Upgrade your KWL Chart to the 21st Century  One of the take aways from the Curriculum Mapping Institute this past week was that it brought an upgrade to THE trusted KWL (Know, What to Know and Learned) Chart to the forefront. It seems a no brainer…one of those things… “I should have thought about it”… So what is this upgrade all about? An “H” snuck into the Acronym! What does this “H” stand for”? I started out by searching Google, which immediately wanted to correct my search term and showed me the traditional “KWL chart” results. The top search results turned out mostly downloadable files for templates, which was quiet interesting as there were several explanations in these tutorials what the “H” could stand for: HOW can we find the answers to these questions? In direct relation to our quest to bring Information literacy in the 21st century to our teachers and students, the “HOW will we find the information” sticks out right away for me. My Twitter network was much better in helping me extend my search for KWHL. Related 12. 8. 29.

Flashcards: The worlds largest online library of printable flash cards - StumbleUpon Using Quizzes to Promote Student Engagement and Collaboration January 26, 2012 By: Audrey Deterding, Ph.D. in Teaching and Learning Quizzes are standard in many college classrooms, and determining how to best use this learning format generates a variety of discussion and suggestions. First, the chalkboard or whiteboard in the classroom becomes what I call a “community space.” Whatever information is put up on the board can be used by the rest of the class on the quiz. When I first introduced this idea to the class, there were some reservations, especially about my being “fair” when selecting the students. Although students have the opportunity to decline to write, I have yet to have a student do so. Audrey Deterding Ph.D. is an assistant professor of communication at Indiana University Southeast. Reprinted from Deterding, A. (2010) A New Kind of “Space” for Quizzes. Recent Trackbacks Around the Web: New Frontiers « the Bok Blog

Born to Learn ~ You are Born to Learn Blended Learning: Adding Asynchronous Discussions to Your F2F Classrooms This post was co-authored with Elizabeth Alderton, Assistant Professor at the University of Wisconsin Oshkosh. --------- We have all done it: "participated" in a face-to-face discussion, nodding along in agreement, but not really present. Many of us have sat in discussions, afraid to throw in our two cents because we might sound silly. On other occasions, we have had a fantastic idea to share, but the conversation passed by before we had a chance to contribute. If it happens to us, it also must be happening to students in our classroom discussions. Blending online social learning opportunities, like asynchronous online discussions, into your traditional face-to-face classes can be beneficial to your students. The following common themes related to asynchronous discussions were found in five different action research projects in blended classrooms. Theme One: Processing Time Synchronous conversations are often fast-paced. Theme Two: Anxiety Reduction Theme Three: Size Matters Conclusion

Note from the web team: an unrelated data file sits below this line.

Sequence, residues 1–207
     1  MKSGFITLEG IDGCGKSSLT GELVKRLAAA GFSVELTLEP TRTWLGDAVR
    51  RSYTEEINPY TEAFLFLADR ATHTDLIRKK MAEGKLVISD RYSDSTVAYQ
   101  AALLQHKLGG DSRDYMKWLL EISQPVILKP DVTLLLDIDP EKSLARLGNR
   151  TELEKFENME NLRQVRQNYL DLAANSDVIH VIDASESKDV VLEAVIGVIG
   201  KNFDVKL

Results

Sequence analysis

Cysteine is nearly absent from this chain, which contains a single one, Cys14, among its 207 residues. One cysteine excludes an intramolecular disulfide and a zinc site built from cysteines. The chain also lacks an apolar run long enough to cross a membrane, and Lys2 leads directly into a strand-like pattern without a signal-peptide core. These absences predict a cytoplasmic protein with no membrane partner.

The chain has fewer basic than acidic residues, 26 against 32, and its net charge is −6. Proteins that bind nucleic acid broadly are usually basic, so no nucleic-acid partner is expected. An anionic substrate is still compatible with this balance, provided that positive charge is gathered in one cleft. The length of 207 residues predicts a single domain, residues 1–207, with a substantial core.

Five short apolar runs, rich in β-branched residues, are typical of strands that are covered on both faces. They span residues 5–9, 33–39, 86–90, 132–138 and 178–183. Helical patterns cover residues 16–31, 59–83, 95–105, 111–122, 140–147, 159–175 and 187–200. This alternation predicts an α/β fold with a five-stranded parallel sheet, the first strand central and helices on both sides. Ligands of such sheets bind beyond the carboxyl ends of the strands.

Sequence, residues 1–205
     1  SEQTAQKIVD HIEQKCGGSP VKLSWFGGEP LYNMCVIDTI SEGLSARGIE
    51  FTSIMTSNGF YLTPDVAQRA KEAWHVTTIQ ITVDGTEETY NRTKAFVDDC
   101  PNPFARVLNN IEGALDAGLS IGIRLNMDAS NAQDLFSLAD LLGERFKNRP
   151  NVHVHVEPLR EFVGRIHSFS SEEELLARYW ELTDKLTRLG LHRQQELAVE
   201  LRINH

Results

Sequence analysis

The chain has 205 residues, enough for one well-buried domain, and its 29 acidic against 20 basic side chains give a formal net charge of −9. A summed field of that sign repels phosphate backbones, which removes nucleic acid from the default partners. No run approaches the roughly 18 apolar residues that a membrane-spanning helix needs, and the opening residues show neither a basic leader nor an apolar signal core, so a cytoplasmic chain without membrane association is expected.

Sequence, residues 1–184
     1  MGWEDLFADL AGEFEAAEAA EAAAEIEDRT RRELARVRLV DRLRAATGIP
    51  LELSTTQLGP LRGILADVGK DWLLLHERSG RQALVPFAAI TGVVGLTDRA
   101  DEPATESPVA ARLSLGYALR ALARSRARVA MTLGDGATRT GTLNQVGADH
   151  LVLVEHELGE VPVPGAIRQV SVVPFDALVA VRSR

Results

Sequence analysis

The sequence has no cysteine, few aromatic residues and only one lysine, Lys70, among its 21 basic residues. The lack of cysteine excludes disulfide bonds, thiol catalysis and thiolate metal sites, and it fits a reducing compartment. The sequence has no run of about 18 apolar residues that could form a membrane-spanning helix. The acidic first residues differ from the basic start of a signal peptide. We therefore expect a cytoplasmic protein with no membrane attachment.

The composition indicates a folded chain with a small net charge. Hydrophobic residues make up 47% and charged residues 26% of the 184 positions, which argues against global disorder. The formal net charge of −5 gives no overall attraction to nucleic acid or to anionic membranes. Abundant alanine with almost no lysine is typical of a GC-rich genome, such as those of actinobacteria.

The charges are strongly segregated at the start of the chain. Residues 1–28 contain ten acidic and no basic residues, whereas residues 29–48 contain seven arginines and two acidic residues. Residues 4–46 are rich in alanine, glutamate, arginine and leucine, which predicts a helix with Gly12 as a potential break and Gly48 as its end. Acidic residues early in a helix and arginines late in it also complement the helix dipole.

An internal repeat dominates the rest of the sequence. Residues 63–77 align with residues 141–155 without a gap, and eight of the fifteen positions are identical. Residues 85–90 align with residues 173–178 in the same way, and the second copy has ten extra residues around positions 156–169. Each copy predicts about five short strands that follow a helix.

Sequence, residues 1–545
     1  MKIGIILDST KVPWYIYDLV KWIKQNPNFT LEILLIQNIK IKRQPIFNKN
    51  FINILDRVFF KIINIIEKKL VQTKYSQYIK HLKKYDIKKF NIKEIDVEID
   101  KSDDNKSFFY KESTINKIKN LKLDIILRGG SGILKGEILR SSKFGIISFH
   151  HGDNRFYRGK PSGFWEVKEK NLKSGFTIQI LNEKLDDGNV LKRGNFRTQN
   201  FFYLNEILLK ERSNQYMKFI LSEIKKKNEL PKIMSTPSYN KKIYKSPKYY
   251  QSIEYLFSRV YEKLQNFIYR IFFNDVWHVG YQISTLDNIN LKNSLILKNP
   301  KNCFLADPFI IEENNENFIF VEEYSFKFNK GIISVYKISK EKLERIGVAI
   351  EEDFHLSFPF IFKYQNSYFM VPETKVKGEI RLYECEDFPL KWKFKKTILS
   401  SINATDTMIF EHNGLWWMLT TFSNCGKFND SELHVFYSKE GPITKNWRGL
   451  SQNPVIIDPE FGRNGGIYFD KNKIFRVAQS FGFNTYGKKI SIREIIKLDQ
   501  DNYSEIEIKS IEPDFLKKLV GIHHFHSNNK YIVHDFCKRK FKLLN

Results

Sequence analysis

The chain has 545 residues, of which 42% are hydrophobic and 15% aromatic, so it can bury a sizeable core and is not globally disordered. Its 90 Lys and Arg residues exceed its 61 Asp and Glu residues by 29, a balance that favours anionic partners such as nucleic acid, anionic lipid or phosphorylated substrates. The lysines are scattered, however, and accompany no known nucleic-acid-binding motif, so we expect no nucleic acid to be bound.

SOLO taxonomy I am pleased to say that John Biggs himself has endorsed this representation of his ideas; "I've just found your website on SOLO et al. via google. I'm delighted! Your diagrams of prestructural-extended abstract are very elegant..." (Unsolicited email, 29 May 2005) The SOLO taxonomy stands for: Structure of Observed Learning Outcomes It describes level of increasing complexity in a student's understanding of a subject, through five stages, and it is claimed to be applicable to any subject area. I confess to a slight distrust of this kind of "progressive" model, which aspires inexorably to a final state. However, the emerging field of work on Threshold Concepts and Troublesome Knowledge links in very effectively with the SOLO taxonomy and offers some points about how the above issues might be addressed. There is a small but enthusiastic group of teachers using the SOLO taxonomy to structure their teaching in schools, and blogging about it.

Every Student Response Strategies « LessonCast True implementation of personalized learning in schools requires a shift in the roles of educators and a shift in educator professional learning. This course examines the evolving role of teachers incorporating personalized learning experiences in the classroom. Taking a close look at what personalized learning is and isn’t, participants create resources to support teacher roles as facilitator, assessor, instructional designer, content curator, coach, and advisor, and family-school collaborator. Lessoncast believes in personalized professional learning. Several modules have assignment options. While the course opens on July 21 (8:00 am EST), you may register at any time and complete the course activities at your own pace.

Study Vibe - How to study - study skills for primary and high school students by Mobify Single Best Free Way to Transform Classrooms (Primary-Lifelong) of Any Size--and Fast Too! It may sound like I'm selling snake oil, but I actually do have one trick that, at no cost, can transform your classroom or public speaking event, whether a seminar or a lecture, whether for 8 year olds or doctoral students, CEOs or senior citizens. You can try this tomorrow, and turn the biggest lecture into an interactive, collaborative experience without so much as an investment even in clickers or a projector. I've used it in most of the 55+ presentations I've given this year for my book Now You See It and I've used it in my classes. Here is the expensive version. It requires the swank new technology called "index cards": 1. 2. 3. 4. NB: Do not skip any of the above steps. 5. 6. Okay, there you have it my single best trick. It doesn't just work for humanities--Eric Mazur does it in physics classes at Harvard. Try it tomorrow.